High Selectivity Methane Coupling at High Pressure Using Novel, Defect/Disordered Rare Earth Oxycarbonate Based Catalyst Systems
M. M. Bhasin, R. D. Cantrell, A. Ghenciu, K. D. Campbell, D. M. Minahan,
A. D. Westwood, K. A. Nielsen
The Dow Chemical Company
South Charleston, West Virginia 25303
Keywords: Oxidative Coupling of Methane (OCM), rare earth oxycarbonates, high pressure, lower temperature, transition metal and other metal oxides additives
Methane is an attractive raw material for producing ethylene and propylene because it is widely available and inexpensive compared to the natural gas liquids (ethane, propane, butane and higher hydrocarbons). However, supply of natural gas liquids have not kept pace with the demand for ethylene and propylene, hence more costly cracking processes that use naphtha from petroleum are being commercialized. Therefore, development of economical processes for manufacturing olefins and other hydrocarbons from methane is highly desirable.
Oxidative coupling of methane was first discovered by Keller and Bhasin in the 1970s and first reported in 1982(1). The field of oxidative coupling exploded exponentially in the 1980s and early 90s(2). A vast majority of these 1500+ publications and patents attempted such oxidative coupling at one-atmosphere pressure and 750-850°C over a variety of catalysts spanning most of the periodic table. Primary focus was on increasing conversion and selectivity or yield of C2+ hydrocarbons at one atmospheric pressure. Few attempts were made to accomplish methane coupling at higher pressures since higher pressures are necessary for a commercially viable process, however, selectivity dropped sharply at pressures of 5+ atmospheres(3).
Several methods of catalyst preparation will be covered and are described in reference 4. Catalyst of 14/30 mesh size were evaluated in a tubular microreactor at typically 125 psig (sometimes 125-250 psig) using methane and oxygen in a ratio of 9:1 at a Gas Hourly Space Velocity of 30,000 hr-1. Reaction temperature was raised to 450°C and then raised repeatedly in 50°C increment up to 700°C. Details of various characterization techniques used will be described. These techniques are: XPS, HRTEM and EELS as well as more routine physical and chemical analyses.
3. Results and Discussion
A very important challenge in coupling methane at higher pressures of 10-20 atmospheres is the precipitous loss in selectivity over all prior art catalyst compositions. According to published reports(3), selectivity to C2+ products decreases by 3-4% per one atmosphere increase in pressure. Thus, a catalyst having 80% selectivity at 1 atm. will only be 50-40% selective at 10 atm. and even lower selectivity at >10 atm. pressure. These low level of selectivities are unacceptable for an economically attractive process. An exhaustive investigation recently revealed several series of unique and novel catalyst systems that give 70+% selectivity to C2+ products at pressures of 10+ atm(4) and at temperatures of 450-600°C. These catalysts are broadly classified as non-stoichiometric, rare earth oxycarbonates of the formula MxCyOz having a disordered and/or defect structure, wherein M is at least one rare earth element selected from the group consisting of La, Pr, Nd, Sm, Eu, Gd, Tb, Dy, Ho, Er and Tm; x = 2; z = 3 + Ay; A is less than about 1.8, and y is the number of carbon atoms in the oxycarbonates (Figure 1). The extent of disorder/defect were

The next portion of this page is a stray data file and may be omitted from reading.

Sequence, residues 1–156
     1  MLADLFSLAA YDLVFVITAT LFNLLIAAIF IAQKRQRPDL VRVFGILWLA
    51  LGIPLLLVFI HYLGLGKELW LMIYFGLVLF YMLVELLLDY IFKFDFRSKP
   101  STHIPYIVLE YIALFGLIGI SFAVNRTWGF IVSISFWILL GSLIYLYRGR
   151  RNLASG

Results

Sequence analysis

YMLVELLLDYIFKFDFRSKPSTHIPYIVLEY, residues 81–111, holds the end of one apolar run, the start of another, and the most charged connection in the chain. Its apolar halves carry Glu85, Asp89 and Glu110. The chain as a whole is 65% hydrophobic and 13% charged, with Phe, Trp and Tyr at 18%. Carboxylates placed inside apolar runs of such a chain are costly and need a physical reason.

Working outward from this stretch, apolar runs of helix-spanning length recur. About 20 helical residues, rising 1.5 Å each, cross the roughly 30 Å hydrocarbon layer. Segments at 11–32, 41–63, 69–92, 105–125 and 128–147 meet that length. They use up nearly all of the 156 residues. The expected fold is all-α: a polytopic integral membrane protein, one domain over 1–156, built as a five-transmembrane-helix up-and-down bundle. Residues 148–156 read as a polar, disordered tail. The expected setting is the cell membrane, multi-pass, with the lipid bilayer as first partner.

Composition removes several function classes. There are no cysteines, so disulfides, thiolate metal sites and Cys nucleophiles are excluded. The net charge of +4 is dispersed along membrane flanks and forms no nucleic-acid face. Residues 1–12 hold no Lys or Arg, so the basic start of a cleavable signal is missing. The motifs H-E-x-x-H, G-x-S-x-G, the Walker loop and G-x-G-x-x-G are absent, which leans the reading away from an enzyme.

measured by determining the stoichiometry of the rare earth oxycarbonates by Electron Energy Loss spectroscopy on a scanning transmission electron microscope. These novel, rare earth oxycarbonates are further characterized by high resolution electron microscopy as having swiss-cheese like appearance – thus highlighting the disordered/defect, non-stoichiometric nature (Figure 2). Such atomic level characterization will be shown to correlate with catalyst selectivity and activity. On the other hand, stoichiometric oxycarbonates are essentially inactive under such conditions up to ~450-650°C at ~10 atm. (Figure 3). These novel catalysts may further contain at least one co-catalyst selected from the elements, V, Nb, Ta, Cr, Mo, W, Mn, Re, Fe, Co, Ni, Cu, Zn, Sn, Pb, Sb and Bi. Catalyst performance in microreactor tests will be presented including good catalyst stability for 30 days. These novel catalyst systems also exhibit an inverse pressure effect whereby they are less selective at 1 atm as compared to the selectivity at 10 atm.
Several series of non-stoichiometric, rare earth oxycarbonates based catalyst systems have been discovered that provide, for the first time, 70+% selectivity to C2+ hydrocarbons at 125+ psig pressure and 450-600°C in microreactors that are stable for ~30 days. These novel catalyst systems are characterized as having non-stoichiometric, defect/disordered surface structure – as determined by various atomic level resolution techniques. Major challenges still remain to scale-up of catalyst, improved aging and a viable process scheme.
(1) G. E. Keller and M. M. Bhasin, J. Catalysis, 73, 9 (1982).
(2) M. M. Bhasin and K. D. Campbell, “Methane and Alkane Conversion Chemistry,” editors, M. M. Bhasin and D. W. Stocum, Plenum Press, NY, 1995.
(3) (i) C. Cameron, H. Mimoun, S. Bonnaudet and A. Robin, US Patent 4,929,787, May 29, 1990.
(ii) M. Pinabiau-Carlcer, et.al, in “Natural Gas Conversion (1991) ed. A. Holmen et.al, pp. 183-190.
(4) R. D. Cantrell, A. Ghenciu, K. D. Campbell, D. M. Minahan, M. M. Bhasin, A. D. Westwood, K. A. Nielsen, US Patents, 6,403,523B1, June 11, 2002 and 6,576,803B2, June 10, 2003.